It’s true that other (usually lesser) pulp authors of the era had racist views, but their work isn’t continually reprinted, nor is it celebrated among the great accomplishments of its genre.
Joshi explains that he devoted 2% of his biography of Lovecraft, I Am Providence, to racism, but that he considered atheism a much more important subject, superseding any need to devote more time to racism. He also notes that when he read that Lovecraft considered Joshi’s native India to be a nauseating place that made him want to “vomit,” Joshi immediately decided that it was a “perfectly natural” response born of love for the British Empire rather than hatred of India.
Joshi goes on to present several logical fallacies in absolving Lovecraft of responsibility for his racism, and the audience from the need to care about it. As noted above, Joshi expects us to take the esteem of Lovecraft’s friends as absolution, as though racists do not have friends and cannot be polite and even charming. He next presents an appeal to authority, arguing that Joyce Carol Oates’s praise of Lovecraft’s aesthetic style absolves the stories (and the man) of responsibility for their content, and that critical studies of the author justify the “intrinsic merits” of his work. But work can be meritorious while still containing repugnant ideas; Leni Riefenstahl’s Triumph of the Will is perhaps the most prominent example.
Here is the most problematic line in Joshi’s post: “The WFA bust acknowledges Lovecraft’s literary status in the field of weird fiction and nothing more.” On the one hand, this is strictly speaking true; the Edgar Award for mystery writing, for example, takes no position on alcoholism or child marriage despite taking its form from Edgar Allan Poe. But on the other hand, could we honestly give out an award in the shape of Arthur Conan Doyle for logic and reason? Sure, he invented Sherlock Holmes—his great contribution to literature—but he also was a crank who believed in fairies and psychics and actively tried to undermine science and reason in the real world. The personal and the political cannot be so easily separated, especially when the personal directly impacts the form and content of the work in question, as with Lovecraft and racism.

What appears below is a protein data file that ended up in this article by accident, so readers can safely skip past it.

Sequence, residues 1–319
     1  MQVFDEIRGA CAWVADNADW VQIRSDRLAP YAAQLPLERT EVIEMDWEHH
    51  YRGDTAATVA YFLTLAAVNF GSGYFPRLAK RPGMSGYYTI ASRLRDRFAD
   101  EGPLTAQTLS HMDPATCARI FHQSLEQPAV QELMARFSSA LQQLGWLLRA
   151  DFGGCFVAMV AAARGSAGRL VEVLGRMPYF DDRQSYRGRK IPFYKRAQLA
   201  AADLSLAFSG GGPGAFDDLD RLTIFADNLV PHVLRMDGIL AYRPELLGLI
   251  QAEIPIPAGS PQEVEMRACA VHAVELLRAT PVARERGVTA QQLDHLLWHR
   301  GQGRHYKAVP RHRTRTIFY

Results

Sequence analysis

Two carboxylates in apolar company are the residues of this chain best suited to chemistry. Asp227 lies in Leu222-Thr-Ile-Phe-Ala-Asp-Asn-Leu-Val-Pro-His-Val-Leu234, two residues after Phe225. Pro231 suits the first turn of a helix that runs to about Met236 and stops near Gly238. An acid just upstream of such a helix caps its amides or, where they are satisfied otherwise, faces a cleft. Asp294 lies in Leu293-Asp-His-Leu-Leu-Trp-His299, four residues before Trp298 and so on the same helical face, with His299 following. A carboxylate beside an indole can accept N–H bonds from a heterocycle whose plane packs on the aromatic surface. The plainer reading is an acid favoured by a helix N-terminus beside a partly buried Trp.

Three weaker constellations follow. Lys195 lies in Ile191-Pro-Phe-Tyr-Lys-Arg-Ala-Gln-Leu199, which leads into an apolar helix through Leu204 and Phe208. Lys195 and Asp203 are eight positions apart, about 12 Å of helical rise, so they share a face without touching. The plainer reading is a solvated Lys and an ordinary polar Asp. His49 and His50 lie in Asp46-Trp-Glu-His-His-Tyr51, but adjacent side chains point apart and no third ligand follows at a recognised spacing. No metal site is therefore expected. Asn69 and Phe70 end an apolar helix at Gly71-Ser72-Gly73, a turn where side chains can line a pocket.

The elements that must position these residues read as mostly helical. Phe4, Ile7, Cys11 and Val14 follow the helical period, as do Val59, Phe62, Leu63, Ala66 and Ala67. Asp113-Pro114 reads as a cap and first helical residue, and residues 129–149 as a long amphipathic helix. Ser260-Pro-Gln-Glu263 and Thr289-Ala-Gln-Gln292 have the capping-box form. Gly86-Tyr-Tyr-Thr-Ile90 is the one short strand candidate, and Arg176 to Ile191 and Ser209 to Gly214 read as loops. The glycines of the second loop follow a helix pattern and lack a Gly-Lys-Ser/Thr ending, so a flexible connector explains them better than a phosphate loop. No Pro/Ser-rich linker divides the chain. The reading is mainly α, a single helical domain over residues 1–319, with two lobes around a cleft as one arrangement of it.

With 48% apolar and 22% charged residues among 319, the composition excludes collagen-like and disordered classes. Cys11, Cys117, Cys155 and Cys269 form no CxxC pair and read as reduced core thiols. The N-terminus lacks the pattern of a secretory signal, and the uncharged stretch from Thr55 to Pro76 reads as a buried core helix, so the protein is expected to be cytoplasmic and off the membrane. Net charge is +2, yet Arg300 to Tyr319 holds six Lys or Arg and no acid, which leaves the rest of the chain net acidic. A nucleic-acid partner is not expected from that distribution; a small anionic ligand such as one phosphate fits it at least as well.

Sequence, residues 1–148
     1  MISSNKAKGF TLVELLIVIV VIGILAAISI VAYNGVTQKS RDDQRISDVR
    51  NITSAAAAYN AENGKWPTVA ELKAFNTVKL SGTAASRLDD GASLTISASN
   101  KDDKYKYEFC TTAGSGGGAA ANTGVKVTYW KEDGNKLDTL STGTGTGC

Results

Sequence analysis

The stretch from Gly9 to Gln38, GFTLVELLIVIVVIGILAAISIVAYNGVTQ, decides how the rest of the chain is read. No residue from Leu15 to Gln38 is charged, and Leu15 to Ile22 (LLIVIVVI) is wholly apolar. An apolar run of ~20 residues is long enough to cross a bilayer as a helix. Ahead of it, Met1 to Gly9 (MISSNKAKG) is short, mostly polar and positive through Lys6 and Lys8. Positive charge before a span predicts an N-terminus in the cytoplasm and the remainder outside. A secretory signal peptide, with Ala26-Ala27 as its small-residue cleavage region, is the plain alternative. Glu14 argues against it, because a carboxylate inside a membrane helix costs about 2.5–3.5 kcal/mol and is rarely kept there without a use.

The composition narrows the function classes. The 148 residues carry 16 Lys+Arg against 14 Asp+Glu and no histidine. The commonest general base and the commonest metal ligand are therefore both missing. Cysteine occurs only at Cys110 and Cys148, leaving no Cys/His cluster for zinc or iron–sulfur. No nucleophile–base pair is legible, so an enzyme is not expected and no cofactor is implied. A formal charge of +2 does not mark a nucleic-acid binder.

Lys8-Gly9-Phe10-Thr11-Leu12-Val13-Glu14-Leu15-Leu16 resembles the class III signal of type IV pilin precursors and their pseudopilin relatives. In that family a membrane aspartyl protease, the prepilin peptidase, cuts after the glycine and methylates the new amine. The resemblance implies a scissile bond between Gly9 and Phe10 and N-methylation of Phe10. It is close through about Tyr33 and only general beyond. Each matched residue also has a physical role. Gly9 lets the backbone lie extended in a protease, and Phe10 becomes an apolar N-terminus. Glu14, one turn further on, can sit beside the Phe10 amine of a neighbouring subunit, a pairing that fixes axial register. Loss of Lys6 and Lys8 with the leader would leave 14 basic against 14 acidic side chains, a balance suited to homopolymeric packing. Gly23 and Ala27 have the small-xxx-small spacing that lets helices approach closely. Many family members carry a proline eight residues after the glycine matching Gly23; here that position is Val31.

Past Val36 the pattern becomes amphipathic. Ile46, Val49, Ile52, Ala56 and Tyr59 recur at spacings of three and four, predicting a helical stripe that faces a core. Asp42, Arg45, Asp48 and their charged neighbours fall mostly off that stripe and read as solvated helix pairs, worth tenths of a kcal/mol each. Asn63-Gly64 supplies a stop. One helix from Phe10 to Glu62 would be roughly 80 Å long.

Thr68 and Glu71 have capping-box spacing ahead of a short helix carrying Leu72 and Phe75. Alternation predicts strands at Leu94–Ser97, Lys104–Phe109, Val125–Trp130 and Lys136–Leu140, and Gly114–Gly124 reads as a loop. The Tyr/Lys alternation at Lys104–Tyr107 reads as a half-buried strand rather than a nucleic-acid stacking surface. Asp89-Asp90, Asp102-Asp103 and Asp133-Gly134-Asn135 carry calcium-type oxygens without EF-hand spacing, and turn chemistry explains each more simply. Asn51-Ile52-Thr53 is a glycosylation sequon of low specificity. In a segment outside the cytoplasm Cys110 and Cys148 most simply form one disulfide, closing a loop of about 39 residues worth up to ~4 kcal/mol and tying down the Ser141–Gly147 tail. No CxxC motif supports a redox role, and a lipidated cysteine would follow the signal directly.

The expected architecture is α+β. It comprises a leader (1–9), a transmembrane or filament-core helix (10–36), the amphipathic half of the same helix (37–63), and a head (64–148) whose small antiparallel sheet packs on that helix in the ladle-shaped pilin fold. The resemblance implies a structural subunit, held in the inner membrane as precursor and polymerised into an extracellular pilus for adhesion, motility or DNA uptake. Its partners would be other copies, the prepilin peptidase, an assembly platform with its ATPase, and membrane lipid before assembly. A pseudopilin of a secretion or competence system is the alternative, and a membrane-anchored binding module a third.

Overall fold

Joshi says “It would appear that Bram Stoker was a Christian (an Irish Protestant). I am an atheist. Would it be legitimate for me to feel uncomfortable accepting the BSA [the Bram Stoker Award for horror] because of my religious differences with Stoker?” But religious difference isn’t the same as racism. One can be religious without engaging in hatred, while one cannot be a racist without denigrating others. To equate them to is set up a false dichotomy. Racism involves the active hatred of the Other and the purposeful denigration of the same. Bram Stoker’s Dracula promotes Christianity to be sure, but it does not actively argue that people of other faiths are subhuman. Even if it did, religion is not an inherent quality of a human being; humans can and do change their faiths. Race, however, is an inherent characteristic, despite not being biological, because our culture has ascribed value to skin color, and (Michael Jackson aside), this cannot be changed.